Thanks to a variety of computer graphics programs, budding artists and experienced photographers can transform their work into detailed and intricate displays of art. Graphics software programs can help desktop publishers too, such as creating oval-shaped pictures for yearbook layouts, family tree posters or other displays. To create photo cut out shapes requires a little bit higher functionality than the software included on your computer (such as Microsoft Paint); to transform your pictures into oval shapes, upgrade to the Adobe Photoshop graphics software and create shapes in just a few clicks.
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Things you need
- Adobe Photoshop
- Digital image
Open Photoshop and click “File,” then click “Open” and browse to where your picture is on your computer. Double-click it so it appears on your workspace.
Click the “Crop” tool, which looks like two intersecting elbow-joints, and draw a line around the part of the picture you want included in the oval, such as someone’s head or a group shot. When the dotted, blinking line appears, press the “Enter” key. If you want the entire picture as the oval, skip this step.
Click the “Oval” tool in the “Tools” palette on the left side of your screen. If you don’t see the oval, look for a line, rectangle or star shape. These tools all share the same spot and stay in place until you change them.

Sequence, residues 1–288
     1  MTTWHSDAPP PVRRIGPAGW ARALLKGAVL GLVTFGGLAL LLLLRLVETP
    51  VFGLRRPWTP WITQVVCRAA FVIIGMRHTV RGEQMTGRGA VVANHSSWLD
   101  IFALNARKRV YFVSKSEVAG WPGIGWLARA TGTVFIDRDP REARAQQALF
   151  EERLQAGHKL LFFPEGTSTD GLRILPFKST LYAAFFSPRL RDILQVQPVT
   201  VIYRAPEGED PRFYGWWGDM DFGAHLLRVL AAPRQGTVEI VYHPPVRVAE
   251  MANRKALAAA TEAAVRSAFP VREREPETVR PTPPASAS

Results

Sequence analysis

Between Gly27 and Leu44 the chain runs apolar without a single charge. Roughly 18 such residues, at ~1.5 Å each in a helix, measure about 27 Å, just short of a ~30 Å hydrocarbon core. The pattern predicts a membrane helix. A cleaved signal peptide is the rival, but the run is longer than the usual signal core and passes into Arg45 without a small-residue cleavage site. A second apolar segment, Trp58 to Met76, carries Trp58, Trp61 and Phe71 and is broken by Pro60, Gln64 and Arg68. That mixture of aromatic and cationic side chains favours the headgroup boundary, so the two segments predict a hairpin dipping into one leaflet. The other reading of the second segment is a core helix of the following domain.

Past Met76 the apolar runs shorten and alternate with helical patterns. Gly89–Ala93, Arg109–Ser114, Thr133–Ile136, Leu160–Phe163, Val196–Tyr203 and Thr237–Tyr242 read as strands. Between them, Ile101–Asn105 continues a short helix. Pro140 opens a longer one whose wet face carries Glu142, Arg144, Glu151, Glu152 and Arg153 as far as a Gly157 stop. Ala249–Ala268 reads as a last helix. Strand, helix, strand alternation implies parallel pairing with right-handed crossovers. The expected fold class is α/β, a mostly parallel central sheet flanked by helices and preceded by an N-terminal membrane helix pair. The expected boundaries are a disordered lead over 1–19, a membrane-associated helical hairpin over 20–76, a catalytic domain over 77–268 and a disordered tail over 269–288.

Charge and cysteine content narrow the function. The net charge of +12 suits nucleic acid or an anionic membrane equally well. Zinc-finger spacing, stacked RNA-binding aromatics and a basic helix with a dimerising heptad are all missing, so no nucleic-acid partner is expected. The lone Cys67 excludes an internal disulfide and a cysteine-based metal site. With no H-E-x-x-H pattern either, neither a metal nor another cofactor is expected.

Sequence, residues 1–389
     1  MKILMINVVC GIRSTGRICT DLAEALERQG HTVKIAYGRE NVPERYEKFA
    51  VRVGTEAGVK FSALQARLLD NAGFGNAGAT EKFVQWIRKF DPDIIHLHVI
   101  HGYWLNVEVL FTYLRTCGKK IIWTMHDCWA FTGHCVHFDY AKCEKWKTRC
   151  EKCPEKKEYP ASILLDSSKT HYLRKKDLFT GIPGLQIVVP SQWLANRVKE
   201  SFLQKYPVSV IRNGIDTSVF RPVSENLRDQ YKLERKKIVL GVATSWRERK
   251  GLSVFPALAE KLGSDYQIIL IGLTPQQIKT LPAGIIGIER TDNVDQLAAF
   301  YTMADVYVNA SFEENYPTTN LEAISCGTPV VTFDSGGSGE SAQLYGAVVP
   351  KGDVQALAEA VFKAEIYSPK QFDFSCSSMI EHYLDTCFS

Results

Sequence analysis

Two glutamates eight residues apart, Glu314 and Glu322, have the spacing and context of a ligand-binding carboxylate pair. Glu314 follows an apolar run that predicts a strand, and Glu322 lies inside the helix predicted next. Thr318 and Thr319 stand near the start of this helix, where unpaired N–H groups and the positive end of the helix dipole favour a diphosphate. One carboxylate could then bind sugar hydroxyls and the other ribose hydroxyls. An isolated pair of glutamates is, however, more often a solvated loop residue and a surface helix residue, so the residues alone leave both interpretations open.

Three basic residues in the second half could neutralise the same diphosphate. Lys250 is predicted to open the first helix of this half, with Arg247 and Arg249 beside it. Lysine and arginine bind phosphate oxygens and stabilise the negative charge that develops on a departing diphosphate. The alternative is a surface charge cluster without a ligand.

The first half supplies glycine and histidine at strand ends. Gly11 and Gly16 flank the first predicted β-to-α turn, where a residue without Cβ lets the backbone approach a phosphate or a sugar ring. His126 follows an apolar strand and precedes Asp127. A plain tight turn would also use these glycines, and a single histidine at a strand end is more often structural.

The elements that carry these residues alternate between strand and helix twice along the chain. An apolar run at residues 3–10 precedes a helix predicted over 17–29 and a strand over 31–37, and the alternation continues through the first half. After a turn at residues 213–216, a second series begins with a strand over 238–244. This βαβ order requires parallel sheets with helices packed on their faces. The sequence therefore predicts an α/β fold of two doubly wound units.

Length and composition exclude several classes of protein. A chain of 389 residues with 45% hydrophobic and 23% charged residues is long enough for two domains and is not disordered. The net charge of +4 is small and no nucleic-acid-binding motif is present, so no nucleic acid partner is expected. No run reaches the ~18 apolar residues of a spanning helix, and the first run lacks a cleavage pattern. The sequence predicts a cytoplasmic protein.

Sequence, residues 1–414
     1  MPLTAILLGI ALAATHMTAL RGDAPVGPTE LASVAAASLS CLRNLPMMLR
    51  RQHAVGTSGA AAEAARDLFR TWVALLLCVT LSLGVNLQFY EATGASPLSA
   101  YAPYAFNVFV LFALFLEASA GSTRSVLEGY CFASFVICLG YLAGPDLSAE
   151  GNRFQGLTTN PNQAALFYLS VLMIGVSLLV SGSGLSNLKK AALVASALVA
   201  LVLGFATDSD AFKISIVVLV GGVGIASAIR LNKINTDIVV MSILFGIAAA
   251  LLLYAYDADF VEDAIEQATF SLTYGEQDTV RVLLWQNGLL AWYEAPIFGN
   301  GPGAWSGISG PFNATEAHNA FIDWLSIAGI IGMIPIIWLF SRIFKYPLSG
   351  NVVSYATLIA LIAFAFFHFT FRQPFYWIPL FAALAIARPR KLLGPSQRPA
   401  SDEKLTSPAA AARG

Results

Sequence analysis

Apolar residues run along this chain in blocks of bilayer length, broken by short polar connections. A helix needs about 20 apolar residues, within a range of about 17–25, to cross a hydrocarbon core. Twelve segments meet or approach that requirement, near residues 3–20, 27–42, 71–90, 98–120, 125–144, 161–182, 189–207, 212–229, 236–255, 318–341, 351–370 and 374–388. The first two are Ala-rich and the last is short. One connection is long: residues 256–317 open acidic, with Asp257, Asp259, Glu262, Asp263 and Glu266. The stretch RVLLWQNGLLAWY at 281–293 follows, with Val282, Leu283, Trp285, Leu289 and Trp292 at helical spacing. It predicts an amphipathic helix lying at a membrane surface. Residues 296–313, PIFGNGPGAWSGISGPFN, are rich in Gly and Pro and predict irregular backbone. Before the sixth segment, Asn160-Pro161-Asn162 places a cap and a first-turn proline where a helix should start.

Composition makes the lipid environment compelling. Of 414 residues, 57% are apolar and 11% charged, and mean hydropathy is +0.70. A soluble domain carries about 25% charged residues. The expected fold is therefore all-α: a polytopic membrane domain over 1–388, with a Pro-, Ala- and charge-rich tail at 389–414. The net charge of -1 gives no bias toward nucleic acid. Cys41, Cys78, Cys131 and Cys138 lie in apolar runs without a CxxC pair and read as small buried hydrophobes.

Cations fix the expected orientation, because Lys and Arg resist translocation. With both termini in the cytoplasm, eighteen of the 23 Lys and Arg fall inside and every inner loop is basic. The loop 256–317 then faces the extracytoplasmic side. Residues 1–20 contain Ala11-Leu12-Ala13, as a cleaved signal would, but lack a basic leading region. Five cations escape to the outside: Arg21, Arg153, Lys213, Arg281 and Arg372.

Position your cursor at the very top-left corner of the picture. Press down and hold the mouse button, then drag your cursor toward the bottom right corner. Release the mouse button when an oval encompasses your entire picture except the corners. A blinking dotted line appears. Right-click the blinking oval and select “Layer via Copy.”
Look over at the “Layers” palette on the right side of the screen. Nothing may have seemed to have changed on the workspace, but the palette has a new layer called “Layer 1” with your picture in an oval. Right-click the layer below it, “Background,” and select “Delete Layer.” Click “Yes” at the warning box. Your picture is now an oval on the screen.
Save the file by clicking “File,” then choosing “Save As.” Rename the picture; never save it on top of the old one. Choose .GIF (graphics interchange format) as the “Save as type.”
Tips and warnings
- Because your image starts out as a rectangle, there’s no way to get the edges of the picture into the circle without leaving white space, since circles don’t have pointed edges. To have an entire circle of an image means you’ll be losing what’s in the corners of your pictures. Otherwise, you can have an oval-shaped picture, but it will have blank spaces in the corners.
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